Level four autonomy is the dream of many automakers. A vehicle that drives itself without any driver interaction but has a steering wheel and pedals so that when the human in the car is ready to take control, they can. Daimler wants to put that technology in semi trucks within the next 10 years.
AT CES, Daimler trucks and buses CEO Martin Daum announced that the company would invest $570,000,000 in the research and development of level four autonomous long-haul trucks. The automaker says it will begin testing in the United States this year because of the infrastructure and the ability to go long distances.
Daum said that its level four trucks will be more efficient and safer than what's on the road right now. The efficiency comes from the ability to run the trucks at all hours of the day and night and will do smart routing to avoid potential gridlock.
The safety factor comes from the truck never getting tired or distracted. Daum did say that the company is aware that the public is still not 100 percent sold on the idea of self-driving vehicles. "Our technology has to be 100% road proof," Daum said. He called the next decade of research and testing "gaining knowledge time. "It needs to be reliable and safe and work in all conditions, rain, snow and constructions sites."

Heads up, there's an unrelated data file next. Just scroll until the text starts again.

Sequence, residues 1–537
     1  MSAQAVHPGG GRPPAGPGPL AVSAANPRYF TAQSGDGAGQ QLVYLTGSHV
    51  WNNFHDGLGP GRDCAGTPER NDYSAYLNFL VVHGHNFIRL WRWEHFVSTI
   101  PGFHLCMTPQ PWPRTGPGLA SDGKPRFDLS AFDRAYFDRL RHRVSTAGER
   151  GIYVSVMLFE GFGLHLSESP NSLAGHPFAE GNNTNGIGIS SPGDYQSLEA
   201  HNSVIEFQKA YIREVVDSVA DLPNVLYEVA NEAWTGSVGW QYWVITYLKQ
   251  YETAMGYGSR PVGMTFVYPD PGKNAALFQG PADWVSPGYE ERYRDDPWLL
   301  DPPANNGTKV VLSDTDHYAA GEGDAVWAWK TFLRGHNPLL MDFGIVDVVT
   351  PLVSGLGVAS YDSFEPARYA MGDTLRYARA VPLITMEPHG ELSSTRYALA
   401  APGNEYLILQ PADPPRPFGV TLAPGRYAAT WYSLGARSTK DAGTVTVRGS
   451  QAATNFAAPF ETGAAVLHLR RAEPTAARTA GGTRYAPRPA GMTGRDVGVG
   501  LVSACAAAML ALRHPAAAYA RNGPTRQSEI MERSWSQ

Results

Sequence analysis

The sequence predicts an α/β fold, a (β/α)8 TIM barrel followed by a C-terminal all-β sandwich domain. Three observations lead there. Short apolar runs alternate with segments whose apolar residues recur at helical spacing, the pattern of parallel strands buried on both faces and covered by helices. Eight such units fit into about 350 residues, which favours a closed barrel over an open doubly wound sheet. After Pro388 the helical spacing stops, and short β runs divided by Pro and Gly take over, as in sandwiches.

With level four in its sights, Daimler said that it would skip over level three and stop working on platooning. While having trucks electronically linked to reduce drag made sense on paper and worked in the lab, in the real world, platooning never lived up to the efficiency hype. If the following truck lost the link with the truck in front of it, it actually took more fuel to catch up to the leader truck.
At the event, Daimler also announced the introduction of the first level two (adaptive cruise control and lane keep assist) class 8 long-haul truck. The vehicle will go into production in July and could potentially be on the road by the end of the year.
In the next decade, there's the possibility that not only cars and SUVs will be driving themselves but also semi trucks. There's going to be a lot of napping on the freeway of the future.
Update 1/9/19 4:47 PM ET: An earlier version of this article stated that Daimler was investing $5,700,000 in autonomous trucks. It's actually investing $570,000,000.